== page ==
It Takes Two to Collide

Mike adjusted the rear-view mirror that insisted in shining the glaring sun into his eyes. There was nobody on the road anyways, in either direction.  Nothing behind him but the setting sun.  He had left it all behind.

Peering down at the face of his cell phone, the last bar flickered on and off, before finally deciding to rest at a “no signal icon.”  He threw it to the passenger seat, bouncing off the cushion with a dull thud.  He looked up just in time to see another car, parked, still half on the road.  He broke hard, and the wheel went stiff.  He had slowed down, but not enough.  The long hood of his car clipped the back right bumper of the big SUV, pushing it to the side, and sending his into a spin, finally stopping cockeyed, looking back at the sun that was starting to greet the horizon.

Someone came running from the distance.  Sitting in the seat, shaken up, but otherwise unharmed, Mike realigned himself with reality.  The front corner of the old Continental was smashed up.  Stepping out revealed that the wheel in the same position was turned completely inward.  The man finally caught up.

“Hey, buddy fack you, watch where the fack you’re going.”  He screamed in a heavy New-Yorker accent, breathing heavily.  He was wearing a tight button up shirt with blue and white stripes, and black slacks that were too big.  His pits had dark sweat stains.

“I’m sorry… I wasn’t paying attention,” Mike replied.  he wiped his face with his hand, and looked up and down the road.  A few scraps of fiberglass and plastic from both headlamps was strewn across the ground.  Waves of heat still danced upwards from the asphalt.

“You’re lucky I wasn’t in there, you ayse.  But now we’re both in the shit.  I just ran out’a gas here, so I went for a walk, maybe to get some more, and now you come wrecking your scash against mine.  Who do you think you is?”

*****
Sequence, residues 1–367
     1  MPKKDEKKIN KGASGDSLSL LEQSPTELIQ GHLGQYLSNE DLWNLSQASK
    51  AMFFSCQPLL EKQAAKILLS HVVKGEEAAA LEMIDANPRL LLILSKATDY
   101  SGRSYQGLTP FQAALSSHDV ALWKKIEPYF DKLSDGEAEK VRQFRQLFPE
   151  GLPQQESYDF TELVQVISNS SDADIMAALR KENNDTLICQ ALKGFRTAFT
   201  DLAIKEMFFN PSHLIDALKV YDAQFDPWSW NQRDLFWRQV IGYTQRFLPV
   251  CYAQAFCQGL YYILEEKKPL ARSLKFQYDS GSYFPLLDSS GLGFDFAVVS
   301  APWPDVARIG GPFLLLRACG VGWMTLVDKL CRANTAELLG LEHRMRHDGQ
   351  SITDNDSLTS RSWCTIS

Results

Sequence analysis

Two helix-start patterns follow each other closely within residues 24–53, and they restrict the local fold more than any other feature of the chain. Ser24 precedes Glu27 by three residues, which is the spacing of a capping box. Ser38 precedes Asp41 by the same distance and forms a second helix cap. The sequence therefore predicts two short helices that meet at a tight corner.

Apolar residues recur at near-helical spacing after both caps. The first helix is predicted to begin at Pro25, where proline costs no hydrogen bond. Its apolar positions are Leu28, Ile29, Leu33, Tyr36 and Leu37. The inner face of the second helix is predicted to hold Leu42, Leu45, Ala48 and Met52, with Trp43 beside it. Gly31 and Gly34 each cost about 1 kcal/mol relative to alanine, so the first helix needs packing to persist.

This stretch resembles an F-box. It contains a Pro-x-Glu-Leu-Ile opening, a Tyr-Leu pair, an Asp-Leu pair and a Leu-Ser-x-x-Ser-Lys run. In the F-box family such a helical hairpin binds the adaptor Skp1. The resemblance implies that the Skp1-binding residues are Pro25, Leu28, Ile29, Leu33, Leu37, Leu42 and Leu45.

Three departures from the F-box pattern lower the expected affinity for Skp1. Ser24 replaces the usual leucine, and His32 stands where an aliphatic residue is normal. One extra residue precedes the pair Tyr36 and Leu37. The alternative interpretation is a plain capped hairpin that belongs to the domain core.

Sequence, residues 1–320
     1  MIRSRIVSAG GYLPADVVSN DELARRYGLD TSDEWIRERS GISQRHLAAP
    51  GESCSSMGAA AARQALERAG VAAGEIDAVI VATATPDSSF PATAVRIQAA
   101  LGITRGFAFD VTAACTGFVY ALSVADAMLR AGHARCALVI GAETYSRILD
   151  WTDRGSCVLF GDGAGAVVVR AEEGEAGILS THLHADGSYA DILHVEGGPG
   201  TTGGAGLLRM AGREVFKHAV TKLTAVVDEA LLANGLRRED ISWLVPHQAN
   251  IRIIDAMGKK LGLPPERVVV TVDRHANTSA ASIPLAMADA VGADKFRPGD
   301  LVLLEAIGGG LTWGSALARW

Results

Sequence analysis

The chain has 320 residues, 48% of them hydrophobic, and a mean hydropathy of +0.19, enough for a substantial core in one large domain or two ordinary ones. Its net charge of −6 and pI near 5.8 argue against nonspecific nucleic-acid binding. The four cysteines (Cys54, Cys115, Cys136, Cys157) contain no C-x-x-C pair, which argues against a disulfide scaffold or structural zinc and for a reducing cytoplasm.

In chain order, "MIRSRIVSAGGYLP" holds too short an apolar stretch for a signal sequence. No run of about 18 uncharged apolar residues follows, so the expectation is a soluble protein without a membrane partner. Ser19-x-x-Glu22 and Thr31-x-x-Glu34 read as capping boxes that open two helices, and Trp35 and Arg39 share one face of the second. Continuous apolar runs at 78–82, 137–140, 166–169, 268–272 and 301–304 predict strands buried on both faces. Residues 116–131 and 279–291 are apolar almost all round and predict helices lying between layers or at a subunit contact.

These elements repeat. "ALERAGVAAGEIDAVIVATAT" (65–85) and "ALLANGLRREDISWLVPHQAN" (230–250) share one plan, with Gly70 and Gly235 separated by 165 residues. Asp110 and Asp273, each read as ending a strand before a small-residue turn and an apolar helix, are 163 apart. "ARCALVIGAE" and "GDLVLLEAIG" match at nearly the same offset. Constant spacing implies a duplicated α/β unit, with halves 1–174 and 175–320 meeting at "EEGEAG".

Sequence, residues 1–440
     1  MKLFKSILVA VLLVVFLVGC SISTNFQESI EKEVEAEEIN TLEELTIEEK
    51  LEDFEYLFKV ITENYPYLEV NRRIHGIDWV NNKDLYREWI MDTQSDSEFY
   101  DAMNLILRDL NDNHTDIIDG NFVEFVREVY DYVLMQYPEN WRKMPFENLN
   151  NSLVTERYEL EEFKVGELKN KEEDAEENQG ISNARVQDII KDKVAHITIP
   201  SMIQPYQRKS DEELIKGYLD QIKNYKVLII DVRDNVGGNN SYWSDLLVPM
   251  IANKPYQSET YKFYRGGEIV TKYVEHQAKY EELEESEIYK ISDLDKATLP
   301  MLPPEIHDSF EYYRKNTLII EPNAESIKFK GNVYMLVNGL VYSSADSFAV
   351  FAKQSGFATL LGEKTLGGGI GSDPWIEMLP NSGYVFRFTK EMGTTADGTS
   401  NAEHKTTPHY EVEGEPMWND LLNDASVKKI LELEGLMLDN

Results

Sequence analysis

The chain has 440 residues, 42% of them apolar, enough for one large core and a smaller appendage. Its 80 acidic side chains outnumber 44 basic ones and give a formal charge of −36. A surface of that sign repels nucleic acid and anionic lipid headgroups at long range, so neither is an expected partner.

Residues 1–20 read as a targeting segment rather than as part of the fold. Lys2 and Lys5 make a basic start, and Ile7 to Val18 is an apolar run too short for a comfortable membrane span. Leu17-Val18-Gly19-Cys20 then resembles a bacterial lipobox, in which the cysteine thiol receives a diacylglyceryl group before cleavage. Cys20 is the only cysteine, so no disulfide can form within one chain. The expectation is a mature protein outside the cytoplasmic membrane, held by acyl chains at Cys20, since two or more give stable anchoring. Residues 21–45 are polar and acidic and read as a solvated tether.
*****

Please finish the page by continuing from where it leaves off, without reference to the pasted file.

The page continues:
“My name’s Mike.  And you can show some compassion, I almost just got killed.”

“I didn’t ask your name Buddy.  Well, there ain’t nothin’ we can do here.  I’m Vinny.”

He presented his sweaty palm, and Mike took it hesitantly.  The man, Vinny, grabbed tight and gave Mike hat felt like the tightest handshake of his life.  After releasing the most grasp, Vinny looked him up and down.

“So let me guess, no cell service either?”

“No, in fact, I watched it fade out as I saw your car sitting there in the middle of the road.  It was hanging on to one bar, but I doubt that would do much.”

“Walk with me, then.”  Mike took the invitation hoping it wasn’t meant in the threatening way.  The day light was just starting to fade, but Vinny seemed intent in walking along the road until they found, well, whatever.

Vinny started explaining, his hands waving around.  Mike followed them with is eyes, instead of allowing himself to look in the distance at the long road in front of him.  “I’m heading out west here, my son-in-law got a job down in Los Angeles, with some startup.  My wife flew out here last week, meanwhiles I had some business in Texas, so I’m driving the rest of the way.  It’s been gorgeous, if not long.  Who would’a known youse got no gas stations out here, dough?”

Mike made a hum sound, lips purced.

“Wadda bout you?”  Vinny looked him in the eyes, as if giving him permission to speak.

“I”m just going.  Quit my job, I hated it, just wanted to be somewhere else.  Sorry about your car.”

“Nah, it’s a rental.  I got the insurance anyways.  Your car musta been some collector item though, no?”

“It was my grandmothers.  I got it after she died a few years back.  I really don’t care for it.”

“Well then.”  He stopped.  The two continued walking.  The sun dipped down into the horizon.  The air slowly became cool as the sandy ground relinquished its heat.  Mike looked over at Vinny, whom he caught looking back at him.  Vinny quickly looked away.

Vinny finally spoke up.  “So, what kinda music you like?”

“Just whatever’s on the radio.  90’s rock, you know.”


The light pats of shoes on concrete continued as the light was sucked from the environment.  Mike could feel the edge of the asphalt blend into the rocks and sand at the edge of the road.  The stars were just bright enough in the sky to allow them to see the feet trotting against the ground.  The rumbling of an engine crept up on them.

A bright pair of headlights glared at them from behind, showing from a long distance against the flat, impeccably straight road.  Vinny raised his phone in the air to shine the screen back at the truck.

It approached them quickly, but skidded to a stop a few yards down.  They continued up to the door, which the driver had swung open.  A skinny man with a wide, bushy mustache leaned out of the cab.  “There was a wreck down the road, that wouldn’t happen to be you fellas?”

Vinny and Mike looked at each other. “No,” they said in tandem.

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